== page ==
RALEIGH, N.C. (WNCN) – A CBS 17 investigation discovered some North Carolina daycares still opened for business despite being shut down by the state.
Finding good daycare can be a difficult task for many parents.
Erica Carreno knows first hand how hard it can be to find good childcare.
“It was stressful, you know your child’s not here yet and you’re already looking to kind of give them away, so to speak,” said Carreno.
She works full time and relies on daycare for her 3-year-old daughter.
“If it wasn’t for daycare, I don’t know if we would be able to go back to work. and that’s who I was before – you know I was a working woman,” said Carreno.
The mother of one said she did a lot of research online before finding the right facility for her family.
The Division of Child Development and Early Education lists all licensed daycares online.
The list includes the state’s ratings, any compliance issues and any actions taken against a facility.
But what’s not on the site is what our CBS 17 investigative team uncovered.
The list of facilities shut down each year and why.
Through a public records request, CBS 17’s Felicia Bolton discovered the state ordered 25 daycares to shut down for poor and unsafe practices during the 2017-18 fiscal year.
The following fiscal year, DCDEE shut down at least eight more daycares.
After receiving the data, the CBS 17 Investigative team took it one step further.
CBS 17 visited the daycares on the list.
CB 17 found Umoja Day Care and Learning Center in Durham still open for business.
An employee told CBS 17 the state’s data is wrong.
CBS 17 went back to the state, a spokesperson with the Department of Health and Human Services sent an email reading in part:
“DCDEE issued an administrative action to Umoja Day Care and Learning Center, inc. revoking its license to operate the Umoja Day Care & Learning Center on March 15, 2018. The administrative action was appealed a final decision affirming DCDEE’s action to revoke was filed at the office of administrative hearings on October 16, 2018, and the license was terminated on December 12, 2018.”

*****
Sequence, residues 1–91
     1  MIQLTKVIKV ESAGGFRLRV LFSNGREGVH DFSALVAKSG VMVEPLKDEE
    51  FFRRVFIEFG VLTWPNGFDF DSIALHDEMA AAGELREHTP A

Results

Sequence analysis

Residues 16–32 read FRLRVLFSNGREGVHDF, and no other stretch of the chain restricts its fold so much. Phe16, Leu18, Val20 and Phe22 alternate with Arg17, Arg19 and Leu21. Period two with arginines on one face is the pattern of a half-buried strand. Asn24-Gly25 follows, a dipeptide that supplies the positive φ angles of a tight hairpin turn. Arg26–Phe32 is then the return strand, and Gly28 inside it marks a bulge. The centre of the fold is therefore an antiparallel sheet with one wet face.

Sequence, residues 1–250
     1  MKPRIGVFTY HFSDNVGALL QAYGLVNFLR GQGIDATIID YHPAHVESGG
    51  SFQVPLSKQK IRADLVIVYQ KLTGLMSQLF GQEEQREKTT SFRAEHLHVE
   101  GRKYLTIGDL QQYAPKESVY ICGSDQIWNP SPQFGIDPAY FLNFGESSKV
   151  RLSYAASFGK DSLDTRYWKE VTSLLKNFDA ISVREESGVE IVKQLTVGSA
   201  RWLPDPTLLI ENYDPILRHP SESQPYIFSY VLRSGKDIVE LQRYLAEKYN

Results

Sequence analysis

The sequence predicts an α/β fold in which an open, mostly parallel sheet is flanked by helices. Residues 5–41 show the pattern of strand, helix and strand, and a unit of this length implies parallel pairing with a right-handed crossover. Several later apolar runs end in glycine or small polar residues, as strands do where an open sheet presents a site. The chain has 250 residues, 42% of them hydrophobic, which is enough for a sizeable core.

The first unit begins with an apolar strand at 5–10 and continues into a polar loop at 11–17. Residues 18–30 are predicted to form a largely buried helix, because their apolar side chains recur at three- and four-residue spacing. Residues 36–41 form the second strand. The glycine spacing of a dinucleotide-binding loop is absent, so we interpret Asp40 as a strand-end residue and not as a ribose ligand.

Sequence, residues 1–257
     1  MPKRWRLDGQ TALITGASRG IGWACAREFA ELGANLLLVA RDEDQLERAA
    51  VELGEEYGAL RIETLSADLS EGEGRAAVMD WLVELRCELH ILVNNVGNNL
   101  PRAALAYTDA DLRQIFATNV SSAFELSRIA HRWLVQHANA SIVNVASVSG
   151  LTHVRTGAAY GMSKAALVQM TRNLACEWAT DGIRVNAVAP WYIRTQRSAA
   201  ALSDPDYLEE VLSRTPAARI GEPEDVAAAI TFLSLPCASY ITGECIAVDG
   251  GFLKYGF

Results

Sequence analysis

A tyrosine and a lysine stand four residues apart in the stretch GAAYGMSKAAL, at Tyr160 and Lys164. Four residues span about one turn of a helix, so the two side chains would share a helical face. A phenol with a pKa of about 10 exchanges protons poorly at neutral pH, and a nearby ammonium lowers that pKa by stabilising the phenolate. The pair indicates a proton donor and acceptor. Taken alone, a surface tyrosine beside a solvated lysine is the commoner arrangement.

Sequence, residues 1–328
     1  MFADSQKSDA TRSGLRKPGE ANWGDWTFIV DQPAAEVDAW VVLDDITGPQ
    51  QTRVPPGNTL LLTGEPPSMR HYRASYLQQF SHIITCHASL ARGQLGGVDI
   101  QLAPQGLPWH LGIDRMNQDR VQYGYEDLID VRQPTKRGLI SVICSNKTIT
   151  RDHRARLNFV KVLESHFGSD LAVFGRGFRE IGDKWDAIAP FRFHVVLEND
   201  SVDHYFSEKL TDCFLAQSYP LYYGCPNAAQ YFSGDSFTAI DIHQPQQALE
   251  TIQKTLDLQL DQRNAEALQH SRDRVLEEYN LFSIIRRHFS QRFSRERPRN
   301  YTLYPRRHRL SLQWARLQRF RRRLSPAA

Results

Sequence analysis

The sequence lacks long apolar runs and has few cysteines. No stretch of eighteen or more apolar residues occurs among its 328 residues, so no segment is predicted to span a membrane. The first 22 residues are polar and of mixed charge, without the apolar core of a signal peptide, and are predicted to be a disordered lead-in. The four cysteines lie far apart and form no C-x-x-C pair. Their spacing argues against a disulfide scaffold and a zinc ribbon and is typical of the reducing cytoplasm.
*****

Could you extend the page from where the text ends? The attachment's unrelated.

CBS 17 also discovered Faith Academy in Durham is still operating. A man there claimed the state’s data was not correct.
Again CBS 16 went to DHHS to confirm the information.
A spokesperson emailed the following:
“DCDEE issued an administrative action to Shakeema Priester revoking her license to operate faith academy on August 14, 2018. the administrative action was appealed, but the appeal was withdrawn on February 15, 2019. the license was terminated on February 19, 2019.”
Both facilities are run out of homes.
According to state law, a family childcare home must be licensed when there are more than two children who are not related to being cared for at the location.
CBS 17 called both facilities several times for more clarification on how many children they have in their care, so far those calls have not been returned.
Christy Thalheimer with Child Care Services Association said her group works to ensure affordable and quality childcare for all families through research and advocacy.
“They really focus on evidence-based criteria and quality indicators such as staff-to-child ratio, the education of the teacher, the star rating of the childcare program through the state licensing system could be a really good quality indicator,” said Senior Childcare Resource and Referral Manager Christy Thalheimer.
She said another red flag to look out for is the class size.
“When you go on a tour and you’re talking to your teacher and director, do your counts for the number of children in the classroom with the number of teachers that are available. If there are too many children with that adult that could be a red flag,” said Thalheimer.
She said another potential warning sign is a constant change of ownership or high teacher turn over.
Thalheimer strongly recommended parents should go in person and do as much research as possible before dropping a child off at daycare. Because those extra steps can help ensure the child is in safe hands.
As for the two daycares CBS 17 found still operating, a DHHS spokesperson said anyone can file a complaint about a facility or a childcare provider he or she believes is providing services without the appropriate license.
For a closer look at all the daycares that have been shut down in our state over the past two years, click here.